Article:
At some basic level, I understood the absurdity of my vision, how wide the gap was between my grand ambitions and anything I was actually doing in my life. I was like a young Walter Mitty; a Don Quixote with no Sancho Panza.
This, too, can be found in my journal entries from that time, a pretty accurate chronicle of all my shortcomings. My preference for navel-gazing over action. A certain reserve, even shyness, tracing perhaps to my Hawaiian and Indonesian upbringing, but also the result of a deep self-consciousness. A sensitivity to rejection or looking stupid. Maybe even a fundamental laziness.
I took it upon myself to purge such softness with a regiment of self-improvement that I've never entirely shed. (Michelle and the girls point out that to this day I can't into a pool or the ocean without feeling compelled to swim laps. "Why don't you just wade?"
What great contest was I preparing for? Whatever it was, I knew I wasn't ready. That uncertainty, that self-doubt, kept me from settling too quickly on easy answers. I got into the habit of questioning my own assumptions, and this, I think, ultimately came in handy, not only because it prevented me from becoming insufferable, but because it inoculated me against the revolutionary formulas embraced by a lot of people on the left at the dawn of the Reagan era.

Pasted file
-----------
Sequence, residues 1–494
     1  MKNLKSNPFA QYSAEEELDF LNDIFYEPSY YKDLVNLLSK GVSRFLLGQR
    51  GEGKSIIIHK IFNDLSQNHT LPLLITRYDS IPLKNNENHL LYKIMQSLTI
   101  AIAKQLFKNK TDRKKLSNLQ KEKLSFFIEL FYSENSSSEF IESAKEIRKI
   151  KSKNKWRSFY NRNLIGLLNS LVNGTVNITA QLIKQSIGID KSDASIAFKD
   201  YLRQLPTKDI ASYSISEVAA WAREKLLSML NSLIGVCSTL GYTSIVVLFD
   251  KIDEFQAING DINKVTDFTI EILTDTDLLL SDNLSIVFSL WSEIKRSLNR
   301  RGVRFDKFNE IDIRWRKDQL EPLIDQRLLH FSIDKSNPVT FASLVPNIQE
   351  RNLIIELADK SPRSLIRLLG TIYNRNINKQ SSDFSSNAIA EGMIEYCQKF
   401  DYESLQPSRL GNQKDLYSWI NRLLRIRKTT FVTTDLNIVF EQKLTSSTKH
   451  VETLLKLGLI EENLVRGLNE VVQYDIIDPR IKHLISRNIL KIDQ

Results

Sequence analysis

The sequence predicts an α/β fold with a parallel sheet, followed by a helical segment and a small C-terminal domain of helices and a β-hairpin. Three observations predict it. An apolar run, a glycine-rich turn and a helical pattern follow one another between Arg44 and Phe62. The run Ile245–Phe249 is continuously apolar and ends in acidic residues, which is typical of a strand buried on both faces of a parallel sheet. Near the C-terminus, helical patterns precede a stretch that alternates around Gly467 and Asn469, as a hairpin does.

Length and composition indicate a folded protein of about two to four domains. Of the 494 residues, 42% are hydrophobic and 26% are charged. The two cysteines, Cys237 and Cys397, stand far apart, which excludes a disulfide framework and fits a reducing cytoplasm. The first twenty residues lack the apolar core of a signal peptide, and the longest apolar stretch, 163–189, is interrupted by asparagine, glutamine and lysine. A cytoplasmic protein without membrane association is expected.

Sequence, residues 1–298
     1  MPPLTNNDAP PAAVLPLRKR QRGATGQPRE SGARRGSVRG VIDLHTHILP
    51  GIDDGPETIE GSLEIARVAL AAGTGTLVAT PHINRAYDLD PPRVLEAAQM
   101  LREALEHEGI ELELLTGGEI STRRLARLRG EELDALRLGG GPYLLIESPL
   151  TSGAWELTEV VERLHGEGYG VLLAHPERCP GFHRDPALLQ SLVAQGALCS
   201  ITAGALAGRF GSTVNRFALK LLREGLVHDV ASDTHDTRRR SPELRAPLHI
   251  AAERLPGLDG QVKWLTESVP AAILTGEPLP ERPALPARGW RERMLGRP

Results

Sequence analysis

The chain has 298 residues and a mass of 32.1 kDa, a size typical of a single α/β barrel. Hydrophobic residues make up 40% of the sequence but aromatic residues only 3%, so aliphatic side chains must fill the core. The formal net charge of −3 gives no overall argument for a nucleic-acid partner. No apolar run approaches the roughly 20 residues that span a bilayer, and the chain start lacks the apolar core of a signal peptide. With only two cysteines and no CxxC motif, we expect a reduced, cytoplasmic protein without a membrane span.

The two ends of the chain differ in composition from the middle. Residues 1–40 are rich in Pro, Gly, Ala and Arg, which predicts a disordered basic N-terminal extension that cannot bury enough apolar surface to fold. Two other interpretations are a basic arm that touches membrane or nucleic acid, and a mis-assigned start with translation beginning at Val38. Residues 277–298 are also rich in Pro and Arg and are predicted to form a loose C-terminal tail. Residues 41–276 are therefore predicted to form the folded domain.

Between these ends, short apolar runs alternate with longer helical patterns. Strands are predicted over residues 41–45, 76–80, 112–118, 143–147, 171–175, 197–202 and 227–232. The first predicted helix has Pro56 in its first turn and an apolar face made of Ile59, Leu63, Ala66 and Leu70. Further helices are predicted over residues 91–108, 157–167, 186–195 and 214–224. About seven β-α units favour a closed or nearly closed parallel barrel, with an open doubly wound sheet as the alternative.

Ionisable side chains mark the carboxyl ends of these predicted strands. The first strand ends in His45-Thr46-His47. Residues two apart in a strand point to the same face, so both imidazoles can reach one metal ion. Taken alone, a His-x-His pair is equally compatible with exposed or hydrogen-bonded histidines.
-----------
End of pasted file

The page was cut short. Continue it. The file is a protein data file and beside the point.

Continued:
Life with me promised Michelle something else, those things that she saw she had missed as a child. Adventure. Travel. A breaking of constraints. Just as her roots in Chicago — her big, extended family, her common sense, her desire to be a good mom above all else — promised an anchor that I'd been missing for much of my youth. We didn't just love each other and make each other laugh and share the same basic values — there was symmetry there, the way we complemented each other. We could have each other's back, guard each other's blind spots. We could be a team.
Of course, that was another way of saying we were very different, in experience and in temperament. For Michelle, the road to the good life was narrow and full of hazards. Family was all you could count on, big risks weren't taken lightly, and outward success — a good job, a nice house — never made you feel ambivalent.
But there comes a point in the speech where I find my cadence. The crowd quiets rather than roars. It's the kind of moment I'd come to recognize in subsequent years, on certain magic nights. There's a physical feeling, a current of emotion that passes back and forth between you and the crowd, as if your lives and theirs are suddenly spliced together, like a movie reel, projecting backward and forward in time, and your voice creeps right up to the edge of cracking, because for an instant, you feel them deeply; you can see them whole. You've tapped into some collective spirit, a thing we all know and wish for — a sense of connection that overrides our differences and replaces them with a giant swell of possibility — and alike all things that matter most, you know the moment is fleeting and that soon the spell will be broken.